Calcium Hydroxide Dispersion—2.46 g—using a 10 cc Syringe through the septum in Butyl Methacrylate monomer
  • [0051]
    GDMA (Glycol Dimercaptoacetate)—1.27 g—using a 3 cc Syringe through the septum
  • [0052]
    The addition of the GDMA was considered “Time Zero”. The slurry was mixed at 1500 rpm at 28° C. for about 30 sec. Mixing was discontinued and the vacuum released in rapid succession. The activated mix was gently swirled (to avoid skinning) and poured into a 12.6 mm sheet casting mold within a one minute interval. The polymerization entered an auto-acceleration phase at 51° C. after 6.0 minutes. The time required to achieve a peak temperature of 145° C. was 12.8 minutes. After cooling, the hardened, polymerized composite plaque was removed from the mold after about one hour.
  • [0053]
    The product recovered exhibited excellent resistance to surface scorching, excellent mechanical properties such as work to break, and resistance to thermal stress cracking.
  • EXAMPLE 5
  • [0054]
    A 2000 mL reaction kettle (13×17 cm) fitted with a Neoprene® O-Ring is assembled with a reactor top having ports for a temperature probe, air-driven stirrer, rubber septum and an Allihn type reflux condenser. The following ingredients were sequentially weighed into the reactor:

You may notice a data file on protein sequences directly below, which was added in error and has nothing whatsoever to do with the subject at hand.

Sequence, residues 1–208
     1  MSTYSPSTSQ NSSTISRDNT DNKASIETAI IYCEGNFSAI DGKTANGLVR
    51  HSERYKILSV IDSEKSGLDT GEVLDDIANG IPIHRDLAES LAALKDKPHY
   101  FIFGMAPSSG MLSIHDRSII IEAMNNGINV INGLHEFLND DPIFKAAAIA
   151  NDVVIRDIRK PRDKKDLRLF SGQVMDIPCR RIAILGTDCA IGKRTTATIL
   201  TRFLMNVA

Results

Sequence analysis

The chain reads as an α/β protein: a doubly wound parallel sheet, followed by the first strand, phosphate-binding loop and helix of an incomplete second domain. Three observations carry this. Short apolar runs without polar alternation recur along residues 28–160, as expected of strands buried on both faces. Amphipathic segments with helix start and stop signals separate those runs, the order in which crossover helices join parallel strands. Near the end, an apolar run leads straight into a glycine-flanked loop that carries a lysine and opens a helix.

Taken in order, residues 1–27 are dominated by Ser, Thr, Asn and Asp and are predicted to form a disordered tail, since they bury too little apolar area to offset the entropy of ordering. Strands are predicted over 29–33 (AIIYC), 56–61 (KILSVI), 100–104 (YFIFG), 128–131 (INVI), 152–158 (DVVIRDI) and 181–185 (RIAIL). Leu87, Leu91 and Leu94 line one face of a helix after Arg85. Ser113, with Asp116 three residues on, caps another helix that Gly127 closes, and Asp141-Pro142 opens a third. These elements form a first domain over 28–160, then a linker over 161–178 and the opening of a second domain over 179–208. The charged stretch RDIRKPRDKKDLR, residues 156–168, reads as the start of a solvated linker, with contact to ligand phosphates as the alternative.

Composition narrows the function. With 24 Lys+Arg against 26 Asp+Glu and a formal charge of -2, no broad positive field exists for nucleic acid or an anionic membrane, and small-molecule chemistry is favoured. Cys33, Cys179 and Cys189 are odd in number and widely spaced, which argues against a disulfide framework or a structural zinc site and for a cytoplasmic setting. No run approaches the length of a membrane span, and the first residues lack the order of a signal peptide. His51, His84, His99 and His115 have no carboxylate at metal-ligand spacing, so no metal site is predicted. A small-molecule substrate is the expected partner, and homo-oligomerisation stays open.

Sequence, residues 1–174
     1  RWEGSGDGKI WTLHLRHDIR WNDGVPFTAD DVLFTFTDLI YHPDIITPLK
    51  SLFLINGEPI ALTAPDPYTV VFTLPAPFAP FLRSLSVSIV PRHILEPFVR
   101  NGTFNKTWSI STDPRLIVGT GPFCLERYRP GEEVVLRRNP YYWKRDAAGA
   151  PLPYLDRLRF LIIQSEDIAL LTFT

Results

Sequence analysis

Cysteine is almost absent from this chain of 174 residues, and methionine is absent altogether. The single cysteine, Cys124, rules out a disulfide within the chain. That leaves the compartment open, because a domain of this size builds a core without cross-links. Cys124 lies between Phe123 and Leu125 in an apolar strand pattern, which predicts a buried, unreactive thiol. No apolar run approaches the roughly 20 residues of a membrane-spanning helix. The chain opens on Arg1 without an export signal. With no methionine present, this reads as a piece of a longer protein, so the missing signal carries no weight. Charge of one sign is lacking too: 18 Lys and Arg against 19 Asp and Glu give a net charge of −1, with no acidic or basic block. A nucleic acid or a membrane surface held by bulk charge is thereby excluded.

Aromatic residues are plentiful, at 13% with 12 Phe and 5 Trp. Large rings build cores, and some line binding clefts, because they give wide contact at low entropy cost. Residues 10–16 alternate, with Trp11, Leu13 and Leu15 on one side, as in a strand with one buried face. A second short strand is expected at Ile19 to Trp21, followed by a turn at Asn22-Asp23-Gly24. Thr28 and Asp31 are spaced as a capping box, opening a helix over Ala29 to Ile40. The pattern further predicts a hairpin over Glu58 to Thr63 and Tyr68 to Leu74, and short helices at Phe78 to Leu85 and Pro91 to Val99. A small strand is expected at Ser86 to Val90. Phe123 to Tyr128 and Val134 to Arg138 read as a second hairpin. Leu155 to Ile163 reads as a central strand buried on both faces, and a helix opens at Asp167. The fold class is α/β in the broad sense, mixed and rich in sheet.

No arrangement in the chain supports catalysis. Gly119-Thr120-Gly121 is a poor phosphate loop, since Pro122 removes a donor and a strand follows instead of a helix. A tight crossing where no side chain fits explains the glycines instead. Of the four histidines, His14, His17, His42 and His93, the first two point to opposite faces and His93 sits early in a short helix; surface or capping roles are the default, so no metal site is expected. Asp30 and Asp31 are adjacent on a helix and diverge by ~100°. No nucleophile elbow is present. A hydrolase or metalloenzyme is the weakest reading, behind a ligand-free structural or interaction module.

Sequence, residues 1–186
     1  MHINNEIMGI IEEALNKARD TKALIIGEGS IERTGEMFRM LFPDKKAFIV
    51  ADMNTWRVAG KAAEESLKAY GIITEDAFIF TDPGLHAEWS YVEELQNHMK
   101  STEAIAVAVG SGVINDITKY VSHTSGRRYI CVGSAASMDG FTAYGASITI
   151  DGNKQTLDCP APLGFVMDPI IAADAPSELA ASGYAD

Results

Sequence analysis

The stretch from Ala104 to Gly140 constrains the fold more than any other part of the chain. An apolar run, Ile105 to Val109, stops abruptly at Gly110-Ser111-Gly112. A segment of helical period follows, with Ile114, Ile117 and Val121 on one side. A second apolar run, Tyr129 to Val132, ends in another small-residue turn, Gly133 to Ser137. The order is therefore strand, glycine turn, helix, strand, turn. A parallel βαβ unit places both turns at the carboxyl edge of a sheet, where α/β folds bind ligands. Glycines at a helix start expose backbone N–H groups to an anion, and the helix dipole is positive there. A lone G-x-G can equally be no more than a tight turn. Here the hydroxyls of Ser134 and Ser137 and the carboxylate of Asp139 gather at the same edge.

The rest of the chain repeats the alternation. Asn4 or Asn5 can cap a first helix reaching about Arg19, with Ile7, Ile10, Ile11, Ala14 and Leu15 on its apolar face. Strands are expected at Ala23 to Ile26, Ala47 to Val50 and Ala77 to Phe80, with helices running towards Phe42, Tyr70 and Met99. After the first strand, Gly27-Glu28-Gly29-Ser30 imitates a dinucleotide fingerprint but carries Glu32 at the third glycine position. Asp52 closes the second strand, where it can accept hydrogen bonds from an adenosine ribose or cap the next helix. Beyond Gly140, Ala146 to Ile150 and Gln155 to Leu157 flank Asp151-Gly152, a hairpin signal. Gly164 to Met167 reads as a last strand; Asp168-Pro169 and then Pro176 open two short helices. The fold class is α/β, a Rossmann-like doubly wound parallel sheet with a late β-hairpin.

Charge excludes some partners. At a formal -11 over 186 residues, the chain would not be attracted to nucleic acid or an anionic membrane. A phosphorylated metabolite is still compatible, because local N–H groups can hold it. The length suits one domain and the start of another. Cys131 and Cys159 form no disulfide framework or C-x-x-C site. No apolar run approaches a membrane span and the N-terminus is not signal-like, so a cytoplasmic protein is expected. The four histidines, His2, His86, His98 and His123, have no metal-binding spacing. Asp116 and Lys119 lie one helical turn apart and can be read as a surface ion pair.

PMA-25 (t-Butyl Peroxymaleic Acid Paste) 16.04 g
    Titanium Dioxide Pigment Paste 11.23 g
    ULMB (Ultra-Marine Blue) Pigment Paste 0.18 g
    Aerosol-OT 2.55 g
    TRIM (Trimethylolpropane Trimethacrylate) 4.87 g
    Prepolymer Syrup (24% Solution of PMMA in MMA) 325.34 g
  • [0055]
    After mixing these ingredients using a High Speed Disperser (HSD) Blade (60 mm Diameter—INDCO Cowles Type) at 500 rpm for one minute at room temperature, 736.0 g of W410 Zeeospheres® (previously treated with 0.25 wt % 2-(Trimethoxysilyl) Propyl Methacrylate) was added portionwise over a two minute interval. During the portionwise addition of the Zeeospheres® the rpm of the HSD was incrementally increased to about 1500 rpm.
  • [0056]
    After the Zeeosphere® addition was complete, the HSD speed was increased to 2000 rpm and maintained for 10 minutes. MMA monomer (208.0 g) was added followed by the portionwise, sequential addition of ground-up Glacier White Corian® polyester (248 g; 30-150 mesh particle size) and ground-up Black Quartz Corian® polyester (40 g; 30-150 mesh particle size). Over an interval of about five minutes, the mix was re-evacuated to 75 Torr (about 27 inches of Hg) with stirring (1000 rpm; four-blade prop), then gently warmed to 28° C. using a waterbath. Mixing rpm was increased to 1500 rpm and the following ingredients were sequentially injected in rapid succession:
  • [0057]
    De-mineralized water—1.82 g—using a 3 cc Syringe through the septum
  • [0058]
    Calcium Hydroxide Dispersion—3.45 g—using a 10 cc Syringe through the septum in Butyl Methacrylate monomer
  • [0059]